Stocktake: Are US stocks in nosebleed territory?

After a successful period, the next decade may see US investors with subdued returns

US stock market valuations are in nosebleed territory, according to Nobel economist Robert J Shiller’s cyclically-adjusted price-earnings ratio (Cape).

Cape, which averages earnings over a 10-year period to smooth out the highs and lows of the economic cycle, is an imperfect measure in many respects. Shiller has implicitly acknowledged this by developing a new measure, the excess Cape yield, which considers both equity valuations and interest rates.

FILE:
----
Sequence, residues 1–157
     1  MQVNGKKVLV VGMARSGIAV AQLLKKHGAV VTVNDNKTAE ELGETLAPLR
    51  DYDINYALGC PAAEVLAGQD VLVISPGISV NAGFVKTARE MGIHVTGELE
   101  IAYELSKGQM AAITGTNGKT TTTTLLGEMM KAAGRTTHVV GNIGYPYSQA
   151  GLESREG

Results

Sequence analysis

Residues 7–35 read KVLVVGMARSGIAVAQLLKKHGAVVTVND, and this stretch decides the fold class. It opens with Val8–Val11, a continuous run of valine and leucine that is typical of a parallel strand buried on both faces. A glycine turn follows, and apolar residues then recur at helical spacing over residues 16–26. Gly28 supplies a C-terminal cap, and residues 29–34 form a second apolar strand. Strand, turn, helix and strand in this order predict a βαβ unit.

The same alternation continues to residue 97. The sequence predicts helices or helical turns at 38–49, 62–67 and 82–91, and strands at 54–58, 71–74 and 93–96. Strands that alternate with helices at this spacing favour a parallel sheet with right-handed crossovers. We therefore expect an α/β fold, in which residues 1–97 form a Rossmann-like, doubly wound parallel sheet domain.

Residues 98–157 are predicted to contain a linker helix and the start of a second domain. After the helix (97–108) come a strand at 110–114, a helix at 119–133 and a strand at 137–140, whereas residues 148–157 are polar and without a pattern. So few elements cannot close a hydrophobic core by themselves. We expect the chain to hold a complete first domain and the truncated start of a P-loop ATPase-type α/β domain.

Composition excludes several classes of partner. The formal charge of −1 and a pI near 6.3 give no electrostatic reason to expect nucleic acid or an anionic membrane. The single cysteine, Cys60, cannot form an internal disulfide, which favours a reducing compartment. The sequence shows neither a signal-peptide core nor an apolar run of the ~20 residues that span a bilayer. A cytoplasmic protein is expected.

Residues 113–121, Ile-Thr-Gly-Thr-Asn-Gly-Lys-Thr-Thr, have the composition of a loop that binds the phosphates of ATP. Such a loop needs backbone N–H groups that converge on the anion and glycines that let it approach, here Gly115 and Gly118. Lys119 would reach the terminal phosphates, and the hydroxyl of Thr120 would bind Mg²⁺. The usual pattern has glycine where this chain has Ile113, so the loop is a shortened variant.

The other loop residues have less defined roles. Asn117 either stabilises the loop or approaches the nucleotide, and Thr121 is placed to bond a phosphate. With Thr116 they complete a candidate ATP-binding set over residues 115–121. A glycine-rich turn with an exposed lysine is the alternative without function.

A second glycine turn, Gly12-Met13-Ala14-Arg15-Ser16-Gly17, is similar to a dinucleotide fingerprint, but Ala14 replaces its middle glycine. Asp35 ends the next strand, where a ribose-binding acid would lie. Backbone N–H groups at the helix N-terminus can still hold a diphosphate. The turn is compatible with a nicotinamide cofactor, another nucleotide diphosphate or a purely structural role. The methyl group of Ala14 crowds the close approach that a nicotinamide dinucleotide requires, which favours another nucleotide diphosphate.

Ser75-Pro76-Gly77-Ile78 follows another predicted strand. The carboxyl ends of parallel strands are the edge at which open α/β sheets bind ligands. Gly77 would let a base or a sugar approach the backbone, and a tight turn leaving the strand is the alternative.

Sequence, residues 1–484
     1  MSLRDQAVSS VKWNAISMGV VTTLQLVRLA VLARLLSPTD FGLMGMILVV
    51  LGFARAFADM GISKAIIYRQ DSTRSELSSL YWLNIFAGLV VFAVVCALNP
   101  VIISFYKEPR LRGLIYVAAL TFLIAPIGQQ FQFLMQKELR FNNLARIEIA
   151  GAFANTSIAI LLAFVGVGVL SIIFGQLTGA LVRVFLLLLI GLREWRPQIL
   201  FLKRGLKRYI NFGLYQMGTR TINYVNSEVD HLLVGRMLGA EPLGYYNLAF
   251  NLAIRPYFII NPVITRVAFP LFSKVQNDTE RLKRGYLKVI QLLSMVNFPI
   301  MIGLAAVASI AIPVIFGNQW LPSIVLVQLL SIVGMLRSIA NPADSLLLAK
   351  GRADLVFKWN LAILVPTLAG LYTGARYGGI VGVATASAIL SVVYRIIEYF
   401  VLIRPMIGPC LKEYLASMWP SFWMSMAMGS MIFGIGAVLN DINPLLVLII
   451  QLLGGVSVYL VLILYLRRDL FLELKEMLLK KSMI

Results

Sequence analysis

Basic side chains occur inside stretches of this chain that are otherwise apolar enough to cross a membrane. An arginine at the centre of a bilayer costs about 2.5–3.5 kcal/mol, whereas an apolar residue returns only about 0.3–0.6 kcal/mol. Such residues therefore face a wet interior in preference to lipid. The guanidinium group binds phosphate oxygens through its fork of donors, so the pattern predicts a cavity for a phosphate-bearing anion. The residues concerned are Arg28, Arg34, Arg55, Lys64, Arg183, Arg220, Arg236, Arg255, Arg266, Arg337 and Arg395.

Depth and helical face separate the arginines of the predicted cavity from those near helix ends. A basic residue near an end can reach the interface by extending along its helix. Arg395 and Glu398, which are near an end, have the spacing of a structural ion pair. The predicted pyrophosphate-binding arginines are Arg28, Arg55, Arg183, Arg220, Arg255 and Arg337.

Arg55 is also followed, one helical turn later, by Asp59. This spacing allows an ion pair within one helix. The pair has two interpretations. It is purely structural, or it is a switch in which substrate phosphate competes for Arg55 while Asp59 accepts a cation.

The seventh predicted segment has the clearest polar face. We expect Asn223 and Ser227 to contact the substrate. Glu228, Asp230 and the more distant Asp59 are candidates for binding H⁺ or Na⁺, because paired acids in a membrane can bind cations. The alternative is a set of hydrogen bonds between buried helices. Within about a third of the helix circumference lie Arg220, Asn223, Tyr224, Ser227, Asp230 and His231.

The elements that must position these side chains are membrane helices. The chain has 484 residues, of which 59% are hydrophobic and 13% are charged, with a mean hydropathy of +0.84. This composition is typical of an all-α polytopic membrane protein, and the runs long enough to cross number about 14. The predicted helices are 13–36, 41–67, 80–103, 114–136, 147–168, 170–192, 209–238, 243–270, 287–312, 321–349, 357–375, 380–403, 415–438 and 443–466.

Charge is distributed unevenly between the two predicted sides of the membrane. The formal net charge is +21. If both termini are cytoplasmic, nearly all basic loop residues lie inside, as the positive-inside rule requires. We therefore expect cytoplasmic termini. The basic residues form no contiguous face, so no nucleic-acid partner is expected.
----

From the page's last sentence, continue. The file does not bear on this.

Nevertheless, Cape also has its uses, and the fact it recently topped 40 should give investors pause for thought. This is rare territory: only once, during the late 1990s dotcom bubble, has the S&P 500 traded on a Cape ratio of 40 or more. It topped out at 44 in March 2000, with stocks going on to endure a lost decade.

Valuation is not a timing tool. Cape first exceeded 40 in January 1999 but US stocks promptly soared 25 per cent over the next 14 months.


However, the current Cape – and various other valuation metrics – suggest long-term returns will be subdued, at best. The last 10 years have been great for US investors but the next decade looks likely to be a much leaner affair.